Next the unthinkable happened. The cougar bit down on her left ear, pulled backward, and tore the ear from her skull. He gripped down again on the left side of her face, and she could feel the skin of her face tear away.
Screaming, kicking, flailing on the ground, there was a brief moment when Paula wondered if she wanted to live any longer. She knew she would never look normal again. But she remembered her son, and she knew she must fight to the death. Her renewed strength made the cougar pause. And at that moment Janie overcame her shock, raced in and grabbed Paula’s foot to slow the cat’s progress, hoping to gain enough time for help to arrive. She refused to stand there and watch her friend be eaten.
Lunging further forward Janie grabbed Paula's calf and started a tug of war with Paula in the middle. As the lion pulled Paula toward the ravine on the other side of the fence, Janie pulled back digging both heels into the ground to slow his progress.
The cougar changed tactics and moved from the left side of Paula’s face to the front of her throat. He closed down his grip, and within a matter of seconds, things went black for Paula. The cat blocked Paula’s airway. If she couldn't breathe, she would die.
When the tug of war started, Katie knew she must do something. Panicked and scared to death she jumped off Candybar and scrambled down the slippery cliff side, half falling, half-rolling to the bottom. Looking around for some weapon she picked up three hardball-sized rocks and threw them at the cougar as hard as she could. The first one hit him in the rear flank, the second one hit his shoulder, and the third one hit him square in the head. Startled he released his grip and looked at his two adversaries. Katie threw another rock at him, and he gave up, running up the hillside disappearing over the edge they had fallen from.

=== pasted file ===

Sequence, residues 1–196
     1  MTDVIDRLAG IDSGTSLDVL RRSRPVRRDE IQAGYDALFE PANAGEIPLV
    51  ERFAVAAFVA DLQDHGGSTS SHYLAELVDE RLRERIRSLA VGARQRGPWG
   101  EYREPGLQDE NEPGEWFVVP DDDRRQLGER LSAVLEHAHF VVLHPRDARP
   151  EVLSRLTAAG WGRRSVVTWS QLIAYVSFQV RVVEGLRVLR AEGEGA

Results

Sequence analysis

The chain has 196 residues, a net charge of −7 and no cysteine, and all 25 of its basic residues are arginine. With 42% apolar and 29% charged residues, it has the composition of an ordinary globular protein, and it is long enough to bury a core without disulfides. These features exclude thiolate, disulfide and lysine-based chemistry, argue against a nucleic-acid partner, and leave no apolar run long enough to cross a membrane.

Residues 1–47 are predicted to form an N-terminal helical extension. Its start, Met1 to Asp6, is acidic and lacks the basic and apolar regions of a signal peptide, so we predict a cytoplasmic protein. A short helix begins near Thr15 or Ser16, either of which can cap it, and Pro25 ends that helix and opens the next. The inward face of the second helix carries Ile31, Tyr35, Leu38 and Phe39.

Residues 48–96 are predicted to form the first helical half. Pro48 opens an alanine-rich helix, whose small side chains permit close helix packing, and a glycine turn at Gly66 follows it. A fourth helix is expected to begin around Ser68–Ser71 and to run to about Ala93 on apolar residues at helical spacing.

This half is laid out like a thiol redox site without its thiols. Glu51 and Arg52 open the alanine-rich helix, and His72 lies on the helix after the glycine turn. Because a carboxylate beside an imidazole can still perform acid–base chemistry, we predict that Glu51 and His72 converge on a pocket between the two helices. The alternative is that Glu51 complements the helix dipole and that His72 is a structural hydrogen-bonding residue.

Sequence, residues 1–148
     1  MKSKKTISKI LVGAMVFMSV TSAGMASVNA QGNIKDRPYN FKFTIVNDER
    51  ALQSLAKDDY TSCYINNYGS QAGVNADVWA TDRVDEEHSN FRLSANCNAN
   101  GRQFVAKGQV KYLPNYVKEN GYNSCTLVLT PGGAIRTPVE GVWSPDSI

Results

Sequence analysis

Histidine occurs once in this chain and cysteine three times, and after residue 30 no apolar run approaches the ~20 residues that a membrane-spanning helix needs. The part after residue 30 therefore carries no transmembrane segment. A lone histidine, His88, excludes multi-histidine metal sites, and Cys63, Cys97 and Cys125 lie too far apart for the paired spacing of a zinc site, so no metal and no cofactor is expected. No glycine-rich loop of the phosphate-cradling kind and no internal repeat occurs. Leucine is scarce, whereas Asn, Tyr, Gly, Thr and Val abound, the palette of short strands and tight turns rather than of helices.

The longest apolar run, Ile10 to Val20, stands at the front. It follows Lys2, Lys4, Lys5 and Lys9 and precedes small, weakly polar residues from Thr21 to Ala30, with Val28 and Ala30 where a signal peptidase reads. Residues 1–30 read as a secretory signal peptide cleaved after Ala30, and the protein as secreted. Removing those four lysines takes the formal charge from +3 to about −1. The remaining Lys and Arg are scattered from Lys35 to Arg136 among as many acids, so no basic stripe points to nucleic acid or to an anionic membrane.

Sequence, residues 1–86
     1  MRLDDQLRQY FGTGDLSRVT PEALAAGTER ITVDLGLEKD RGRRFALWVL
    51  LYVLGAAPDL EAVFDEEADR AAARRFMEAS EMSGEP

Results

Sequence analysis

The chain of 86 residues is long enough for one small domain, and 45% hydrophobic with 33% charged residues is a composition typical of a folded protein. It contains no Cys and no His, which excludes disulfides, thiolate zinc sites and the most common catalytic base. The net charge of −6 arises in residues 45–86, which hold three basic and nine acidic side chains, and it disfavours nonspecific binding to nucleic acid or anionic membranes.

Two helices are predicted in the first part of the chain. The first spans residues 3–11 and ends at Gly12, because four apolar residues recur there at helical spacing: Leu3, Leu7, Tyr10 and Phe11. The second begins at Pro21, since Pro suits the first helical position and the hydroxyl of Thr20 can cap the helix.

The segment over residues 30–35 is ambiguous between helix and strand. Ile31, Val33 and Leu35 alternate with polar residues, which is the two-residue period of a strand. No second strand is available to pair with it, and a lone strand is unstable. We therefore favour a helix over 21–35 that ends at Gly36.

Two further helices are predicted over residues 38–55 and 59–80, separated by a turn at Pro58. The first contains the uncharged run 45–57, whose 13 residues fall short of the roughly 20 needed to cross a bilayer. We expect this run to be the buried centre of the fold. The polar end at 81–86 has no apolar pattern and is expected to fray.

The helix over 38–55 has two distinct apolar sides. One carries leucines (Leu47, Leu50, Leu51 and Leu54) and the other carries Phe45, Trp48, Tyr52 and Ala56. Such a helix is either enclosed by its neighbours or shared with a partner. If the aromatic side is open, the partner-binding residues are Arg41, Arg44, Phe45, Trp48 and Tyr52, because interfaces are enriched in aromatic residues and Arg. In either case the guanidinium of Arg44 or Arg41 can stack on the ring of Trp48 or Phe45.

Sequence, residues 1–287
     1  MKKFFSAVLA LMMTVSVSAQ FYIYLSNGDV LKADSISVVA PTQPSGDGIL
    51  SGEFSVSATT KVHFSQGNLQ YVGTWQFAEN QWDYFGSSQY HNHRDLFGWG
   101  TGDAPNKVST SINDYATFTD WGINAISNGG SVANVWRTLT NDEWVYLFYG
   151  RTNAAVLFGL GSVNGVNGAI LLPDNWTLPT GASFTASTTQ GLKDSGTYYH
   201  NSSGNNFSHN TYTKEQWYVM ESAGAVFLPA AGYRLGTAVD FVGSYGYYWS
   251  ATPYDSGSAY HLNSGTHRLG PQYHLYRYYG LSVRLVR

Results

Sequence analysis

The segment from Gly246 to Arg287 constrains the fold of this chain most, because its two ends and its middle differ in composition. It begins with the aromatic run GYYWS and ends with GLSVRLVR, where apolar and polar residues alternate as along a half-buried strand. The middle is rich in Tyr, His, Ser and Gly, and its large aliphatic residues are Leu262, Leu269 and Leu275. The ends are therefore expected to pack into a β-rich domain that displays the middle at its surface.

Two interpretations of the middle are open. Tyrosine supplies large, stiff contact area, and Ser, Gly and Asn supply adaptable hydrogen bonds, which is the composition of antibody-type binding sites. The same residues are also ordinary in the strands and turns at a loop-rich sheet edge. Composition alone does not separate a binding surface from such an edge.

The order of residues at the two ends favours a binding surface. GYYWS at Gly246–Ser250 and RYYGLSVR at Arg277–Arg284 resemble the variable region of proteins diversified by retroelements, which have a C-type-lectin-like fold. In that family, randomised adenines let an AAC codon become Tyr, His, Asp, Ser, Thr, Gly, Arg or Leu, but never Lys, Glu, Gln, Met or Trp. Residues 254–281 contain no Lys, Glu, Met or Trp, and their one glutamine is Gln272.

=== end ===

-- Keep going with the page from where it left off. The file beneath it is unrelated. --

Janie started screaming hysterically. “David! David! Get here now!”
Katie knelt over Paula trying to help her friend, who was moaning and sliding in and out of consciousness. Fresh red, warm blood flowed from beneath the large flap of moving skin that was most of Paula’s face and ear. Katie knew the moaning was good. It meant the airway wasn't crushed; Paula could still breath.